Christiane Leach has been trying to buy a house for three years. She wants to invest in any of several neighborhoods that public officials for years have said must be included in Pittsburgh's trajectory if the city is to be livable for all.
But too many homes in those areas appraise too low for buyers to get loans and too high for anyone but speculators and developers to pay cash for them. Many people who are left out are artists, said Ms. Leach, artist relations coordinator for the Greater Pittsburgh Arts Council.
Ms. Leach, an artist and musician, has looked at a dozen houses in the Upper Hill, Larimer and Homewood and tried to buy several with the same result -- obstacles keep her living with friends in Beltzhoover even though she has good credit and money to pay closing costs.
"If you want a house in a distressed area, you need renovations, but you can't get a loan" large enough to do them, she said. "I was told I needed cash. Not many people have that kind of money. Why is it easier for a developer to buy up five at once and I can't get one?"
She said hers is "one teeny part of a bigger story."
Tom Cummings, director of housing for the Urban Redevelopment Authority, agreed, saying, "This is definitely a problem."
The URA is working on a pilot program with the nonprofit Pittsburgh Community Reinvestment Group to begin to solve it. The Community Acquisition and Rehabilitation Loan program will begin this spring or summer.
The URA will commit $1 million toward guaranteeing 15 percent of renovation loans, leaving 5 percent for the buyer to cover. This will reduce a bank's risk and help low-income borrowers over the initial hurdle.
"The bank still makes the loan and buyers still have to meet all the standard underwriting criteria," Mr. Cummings said. "We think we have enough to do 40 to 50 loans off the bat, to test the kinks and look at appraisal issues."
CARL will get an infusion of $100,000 from city Councilman Corey O'Connor, who committed the money from a district fund that was allocated from a $60 million bond floated in the 1990s for large projects. That money will be used to help first-time homebuyers in a dozen neighborhoods that include the Upper Hill and North Homewood.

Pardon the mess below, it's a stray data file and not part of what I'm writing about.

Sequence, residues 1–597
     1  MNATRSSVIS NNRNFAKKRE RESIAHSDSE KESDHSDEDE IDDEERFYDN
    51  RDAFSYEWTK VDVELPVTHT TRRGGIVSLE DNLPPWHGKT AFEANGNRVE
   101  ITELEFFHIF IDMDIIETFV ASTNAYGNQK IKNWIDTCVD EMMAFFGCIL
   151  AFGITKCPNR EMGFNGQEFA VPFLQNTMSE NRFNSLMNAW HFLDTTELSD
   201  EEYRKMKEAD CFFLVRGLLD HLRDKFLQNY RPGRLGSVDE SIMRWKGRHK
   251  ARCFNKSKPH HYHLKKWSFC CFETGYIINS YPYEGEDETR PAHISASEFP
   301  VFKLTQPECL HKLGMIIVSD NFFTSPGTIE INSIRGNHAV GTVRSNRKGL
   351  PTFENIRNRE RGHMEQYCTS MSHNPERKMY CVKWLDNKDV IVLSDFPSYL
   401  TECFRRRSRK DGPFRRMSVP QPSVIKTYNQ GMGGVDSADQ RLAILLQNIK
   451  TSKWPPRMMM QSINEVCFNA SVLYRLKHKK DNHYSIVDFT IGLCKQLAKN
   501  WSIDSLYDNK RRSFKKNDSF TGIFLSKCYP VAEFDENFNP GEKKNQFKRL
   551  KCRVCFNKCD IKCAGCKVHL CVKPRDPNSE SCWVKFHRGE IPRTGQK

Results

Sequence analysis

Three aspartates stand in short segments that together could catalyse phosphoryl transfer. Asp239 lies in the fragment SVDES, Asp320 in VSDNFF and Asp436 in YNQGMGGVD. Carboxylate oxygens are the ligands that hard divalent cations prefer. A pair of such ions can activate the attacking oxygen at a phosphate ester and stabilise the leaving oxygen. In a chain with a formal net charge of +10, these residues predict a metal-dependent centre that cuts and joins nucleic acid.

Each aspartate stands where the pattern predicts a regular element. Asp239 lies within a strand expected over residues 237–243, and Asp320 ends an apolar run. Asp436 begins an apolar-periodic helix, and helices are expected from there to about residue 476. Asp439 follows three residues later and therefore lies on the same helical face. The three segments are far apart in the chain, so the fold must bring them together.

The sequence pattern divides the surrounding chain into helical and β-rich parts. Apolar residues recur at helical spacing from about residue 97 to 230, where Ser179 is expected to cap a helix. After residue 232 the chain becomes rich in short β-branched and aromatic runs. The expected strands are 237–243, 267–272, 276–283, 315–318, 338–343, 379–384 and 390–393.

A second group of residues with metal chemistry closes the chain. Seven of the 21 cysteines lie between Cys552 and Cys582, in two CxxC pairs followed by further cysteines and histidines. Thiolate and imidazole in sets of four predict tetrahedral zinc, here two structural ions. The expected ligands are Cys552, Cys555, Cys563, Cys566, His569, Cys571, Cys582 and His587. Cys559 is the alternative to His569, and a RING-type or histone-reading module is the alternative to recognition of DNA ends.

Mr. Cummings said the URA will "play a role in the construction process, making sure the contractors are addressing deficiencies in housing inspections and monitoring the stage payments the bank makes."
"Once the pilot gets going, we hope to open it to the whole city," Mr. O'Connor said.
The CARL program may not resolve the hitch of low appraisals, "but we have talked about closing-cost assistance, a deferred second mortgage," Mr. Cummings said, adding that those details will be worked out if the pilot takes off.
Ms. Leach wants to know what Pittsburgh is going to do differently than other cities, which have the same problem of affordability, for artists and otherwise.
"We have an abundance of old abandoned properties that need major renovations," Ms. Leach said, "and artists say to me, 'We need housing.' They are telling people to stay here but not giving them a way. They either assume people want to rent or they're setting up a class system with $200,000 lofts. A lot of us have been here for 20 years and helped make Pittsburgh popular, but how do you transform a neighborhood if you can't bring your own equity there?"
Diana Nelson Jones: firstname.lastname@example.org or 412-263-1626.